Living in Supported Housing

Living in Supported Housing

Supported housing is any housing scheme where housing, support and sometimes care services are provided as an integrated package.

Some schemes are long-term, designed for people who need ongoing support to live independently, others are short-term, designed to help people develop the emotional and practical skills needed to move into more mainstream housing.

This can include support with health needs, including mental health, drug and alcohol use, managing benefits and debt, developing daily living skills and accessing education, training and employment

If you live in supported housing you might find that you need to claim Housing Benefit for help with your rent rather than getting a Housing Costs Element included in your Universal Credit award.

This is the case where, due to the type of supported housing you live in and the care and support you receive, you are considered to be living in ‘specified accommodation’.

What is ‘specified accommodation’?

The rules on which supported housing falls under the definition of ‘specified accommodation’ are quite complex.
In very simple terms it is:

  • Accommodation provided by a housing association, registered charity or voluntary organisation, where you are given ‘care, support or supervision’ to more than a minimal degree.
  • Accommodation in a refuge provided by a local authority, a housing association, registered charity or voluntary organisation because you have left home as a result of domestic violence.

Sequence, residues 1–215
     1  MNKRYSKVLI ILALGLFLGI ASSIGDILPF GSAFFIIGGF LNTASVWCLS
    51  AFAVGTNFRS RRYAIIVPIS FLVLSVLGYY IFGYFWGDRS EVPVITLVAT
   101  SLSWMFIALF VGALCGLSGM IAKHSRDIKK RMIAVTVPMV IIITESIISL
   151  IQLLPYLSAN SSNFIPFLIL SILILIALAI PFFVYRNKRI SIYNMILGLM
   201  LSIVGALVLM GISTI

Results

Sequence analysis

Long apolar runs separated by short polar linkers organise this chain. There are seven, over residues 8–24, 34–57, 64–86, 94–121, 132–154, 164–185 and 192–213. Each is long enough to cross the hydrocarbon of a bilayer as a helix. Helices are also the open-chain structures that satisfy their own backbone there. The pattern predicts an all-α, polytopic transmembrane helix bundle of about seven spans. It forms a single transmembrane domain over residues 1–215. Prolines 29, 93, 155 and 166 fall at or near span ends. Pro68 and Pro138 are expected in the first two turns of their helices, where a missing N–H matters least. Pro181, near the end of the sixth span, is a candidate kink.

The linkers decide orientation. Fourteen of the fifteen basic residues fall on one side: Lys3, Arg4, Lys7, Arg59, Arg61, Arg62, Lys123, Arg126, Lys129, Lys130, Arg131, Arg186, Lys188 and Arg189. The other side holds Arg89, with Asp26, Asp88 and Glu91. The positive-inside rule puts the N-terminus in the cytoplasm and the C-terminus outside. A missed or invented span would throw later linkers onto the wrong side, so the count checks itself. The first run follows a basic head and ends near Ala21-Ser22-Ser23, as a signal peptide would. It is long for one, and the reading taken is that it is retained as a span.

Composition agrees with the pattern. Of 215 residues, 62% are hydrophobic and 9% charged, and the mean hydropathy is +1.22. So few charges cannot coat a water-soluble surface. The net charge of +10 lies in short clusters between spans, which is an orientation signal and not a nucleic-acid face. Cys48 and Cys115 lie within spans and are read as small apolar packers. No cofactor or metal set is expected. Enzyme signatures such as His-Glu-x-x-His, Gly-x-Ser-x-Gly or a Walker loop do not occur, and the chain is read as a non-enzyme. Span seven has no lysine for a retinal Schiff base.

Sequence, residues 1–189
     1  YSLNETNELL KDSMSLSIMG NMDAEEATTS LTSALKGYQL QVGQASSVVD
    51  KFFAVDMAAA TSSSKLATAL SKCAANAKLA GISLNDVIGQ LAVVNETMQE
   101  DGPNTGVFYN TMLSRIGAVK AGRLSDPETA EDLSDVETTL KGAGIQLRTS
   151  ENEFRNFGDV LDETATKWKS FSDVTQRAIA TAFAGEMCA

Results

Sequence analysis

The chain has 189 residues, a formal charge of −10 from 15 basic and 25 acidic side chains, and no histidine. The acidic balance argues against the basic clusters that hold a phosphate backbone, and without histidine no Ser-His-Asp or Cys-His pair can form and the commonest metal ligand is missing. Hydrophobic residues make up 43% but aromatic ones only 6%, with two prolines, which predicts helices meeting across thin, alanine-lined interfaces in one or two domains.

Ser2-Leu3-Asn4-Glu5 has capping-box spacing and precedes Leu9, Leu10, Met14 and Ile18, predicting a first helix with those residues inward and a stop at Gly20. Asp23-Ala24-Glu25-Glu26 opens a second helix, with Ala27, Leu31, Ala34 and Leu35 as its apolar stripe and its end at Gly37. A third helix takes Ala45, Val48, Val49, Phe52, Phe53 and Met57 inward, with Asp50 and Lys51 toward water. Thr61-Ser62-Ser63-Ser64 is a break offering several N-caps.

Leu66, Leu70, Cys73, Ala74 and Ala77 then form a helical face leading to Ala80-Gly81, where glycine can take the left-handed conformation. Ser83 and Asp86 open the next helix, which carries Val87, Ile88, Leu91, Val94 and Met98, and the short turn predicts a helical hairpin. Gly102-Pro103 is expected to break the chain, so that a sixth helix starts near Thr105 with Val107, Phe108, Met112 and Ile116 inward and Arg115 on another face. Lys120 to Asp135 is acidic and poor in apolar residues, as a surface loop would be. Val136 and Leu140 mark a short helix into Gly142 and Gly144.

• A local authority hostel.

Example:
Nabeel lives in a supported housing scheme for people with physical disabilities. It is run by a Housing Association, who contract a specialist care agency to provide him with care and support for 3 hours a day.
Nabeel’s savings have dropped, so he needs to claim Universal Credit. He ticks the box on the form to say that he lives in supported housing.
He also claims Housing Benefit, which is paid to help towards his rent and service charges, because the supported housing scheme counts as ‘specified accommodation’.
There is no Housing Cost Element in his Universal Credit.

Example:
Mo lives in a scheme for young people with learning difficulties. The scheme is run by a registered charity, who provide support and supervision for a minimum of 7 hours a week, but sometimes more. It counts as ‘specified accommodation’ so Mo gets no Housing Cost Element in his Universal Credit – he claims Housing Benefit instead.
Mo works as a part time waiter in a restaurant that employs people with learning difficulties.
As he has no Housing Cost Element in his Universal Credit he benefits from a higher ‘work allowance’ meaning less of his earnings are taken into account when his Universal Credit is worked out.

Example:
Katie normally lives in a 2 bed flat with her husband and 2 year old son. They get Universal Credit there, with a Housing Cost Element included in the assessment.
But her husband has started being violent towards her and so the Council have moved her temporarily into accommodation in a local Domestic Violence refuge.
She tells the DWP about her change in circumstances. They separate her claim from her husband’s and continue her award as a lone parent. 
As the refuge counts as ‘specified accommodation’ she can get help with the rent for it through Housing Benefit.

Who makes the decision whether I live in specified accommodation?

It is the Local Authority’s Housing Benefit Office that decides whether or not you live in specified accommodation.

If you claim Housing Benefit they will make a decision by looking at the type of accommodation you live, why you live there and any care/support you receive.

The rules on which supported housing falls under the definition of ‘specified accommodation’ are quite complex. If you are not sure whether you live in ‘specified accommodation’ or not ask your landlord, or contact a Benefits Adviser for help.

What if I claim Housing Benefit and they say I’m not in specified accommodation – but Universal Credit won’t include a Housing Cost Element because they think I should be getting Housing Benefit?

Contact a Benefits Adviser they can give you a letter to send to the Housing Benefit Office asking them to revise their decision if appropriate, and a letter / wording for your journal for the DWP about your Universal Credit.